University of Notre Dame Presentation
October 26, 2022
By Rabbi Shmuel Lefkowitz, President Chayim Aruchim a project of Agudath Israel of America
Presentation Notre Dame Law School Religious Liberty Initiative
Before I begin, I would like to acknowledge the presence of Rabbi Yosef Chaim Danziger of the Hebrew Orthodox Congregation of South Bend Indiana and a delegation of his members who have come to show their support for Chayim Aruchim’s mission and to express their gratitude to University of Notre Dame Law School for organizing this very important panel discussion.
I thank you for the opportunity to meet with such an esteemed group to discuss such an important topic. Simply put, the topic of end of life issues.
Specifically, I will discuss:
The particular issues faced by the Jewish community when evaluating end of life issues;
The issues Chayim Aruchim has encountered in advocating for those patients who are within the Jewish community; and
How Chayim Aruchim advocates for legal protections of rights of conscience within the health care arena.
Let me begin by defining the name of the organization, Chayim Aruchim. Chayim Aruchim means an extended or long life in Hebrew.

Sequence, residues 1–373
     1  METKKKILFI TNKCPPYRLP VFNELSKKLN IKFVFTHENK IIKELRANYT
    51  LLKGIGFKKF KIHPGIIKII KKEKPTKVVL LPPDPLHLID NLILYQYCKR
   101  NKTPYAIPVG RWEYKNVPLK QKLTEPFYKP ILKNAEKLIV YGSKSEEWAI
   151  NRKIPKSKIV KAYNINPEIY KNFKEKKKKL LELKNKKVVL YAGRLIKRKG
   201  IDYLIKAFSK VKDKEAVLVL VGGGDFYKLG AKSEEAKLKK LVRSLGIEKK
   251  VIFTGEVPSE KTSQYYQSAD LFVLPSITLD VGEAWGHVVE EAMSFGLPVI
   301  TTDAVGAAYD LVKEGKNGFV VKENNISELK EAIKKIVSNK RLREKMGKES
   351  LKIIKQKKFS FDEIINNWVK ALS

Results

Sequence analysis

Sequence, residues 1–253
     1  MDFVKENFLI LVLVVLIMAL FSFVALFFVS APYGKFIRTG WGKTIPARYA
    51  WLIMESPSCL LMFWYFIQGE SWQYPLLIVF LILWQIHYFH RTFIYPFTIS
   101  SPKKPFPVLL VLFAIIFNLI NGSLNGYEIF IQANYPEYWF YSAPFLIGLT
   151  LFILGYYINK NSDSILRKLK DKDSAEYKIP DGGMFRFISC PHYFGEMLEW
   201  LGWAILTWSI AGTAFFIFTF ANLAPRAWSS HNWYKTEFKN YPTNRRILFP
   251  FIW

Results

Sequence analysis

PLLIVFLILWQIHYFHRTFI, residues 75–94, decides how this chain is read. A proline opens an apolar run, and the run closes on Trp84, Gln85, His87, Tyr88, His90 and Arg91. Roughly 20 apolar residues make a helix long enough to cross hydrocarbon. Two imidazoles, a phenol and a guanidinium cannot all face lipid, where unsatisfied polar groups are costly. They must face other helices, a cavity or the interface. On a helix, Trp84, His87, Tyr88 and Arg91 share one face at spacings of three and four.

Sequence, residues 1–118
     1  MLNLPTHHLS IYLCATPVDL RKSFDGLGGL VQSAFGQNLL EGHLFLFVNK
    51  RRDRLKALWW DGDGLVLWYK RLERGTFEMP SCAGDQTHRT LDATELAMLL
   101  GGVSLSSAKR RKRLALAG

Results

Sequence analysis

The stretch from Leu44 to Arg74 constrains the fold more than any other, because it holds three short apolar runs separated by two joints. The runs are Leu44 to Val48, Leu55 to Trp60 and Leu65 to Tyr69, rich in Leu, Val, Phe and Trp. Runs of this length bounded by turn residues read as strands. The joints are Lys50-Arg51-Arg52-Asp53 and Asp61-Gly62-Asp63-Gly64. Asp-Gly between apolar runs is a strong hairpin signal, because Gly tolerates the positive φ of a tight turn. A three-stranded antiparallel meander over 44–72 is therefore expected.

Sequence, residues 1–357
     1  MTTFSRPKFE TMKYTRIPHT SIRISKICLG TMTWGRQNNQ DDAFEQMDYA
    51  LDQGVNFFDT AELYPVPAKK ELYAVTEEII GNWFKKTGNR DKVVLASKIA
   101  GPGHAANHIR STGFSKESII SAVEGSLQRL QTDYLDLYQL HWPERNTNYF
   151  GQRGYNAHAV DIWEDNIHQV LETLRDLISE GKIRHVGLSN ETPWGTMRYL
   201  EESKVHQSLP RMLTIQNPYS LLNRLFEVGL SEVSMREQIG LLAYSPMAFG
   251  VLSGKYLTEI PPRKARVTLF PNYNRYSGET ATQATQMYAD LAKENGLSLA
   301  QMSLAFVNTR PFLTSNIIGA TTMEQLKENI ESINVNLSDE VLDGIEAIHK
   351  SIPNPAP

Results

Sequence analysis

Agudath Israel of America which sponsors Chayim Aruchim, has been involved in end-of-life issues for many years. In 1987, its former President, Rabbi Morris Sherer, initiated, advocated for and helped pass the DNR law in New York State. He did the same for other health care related legislation, including with respect to the definition of “brain-dead”.
Prior to 2010 when Chayim Aruchim was founded, when someone called Agudath Israel of America and asked for help in connection with a medical decision that was contrary to the person’s religious beliefs, such as pulling the plug on a brain-dead person, one of our lawyers sent a letter and that typically was sufficient.
By 2010, these kinds of calls related to a wider variety of issues such as DNR, refusal to put in feeding tubes, intubation, discharging people to hospice, or being told to give up – there is nothing more to do.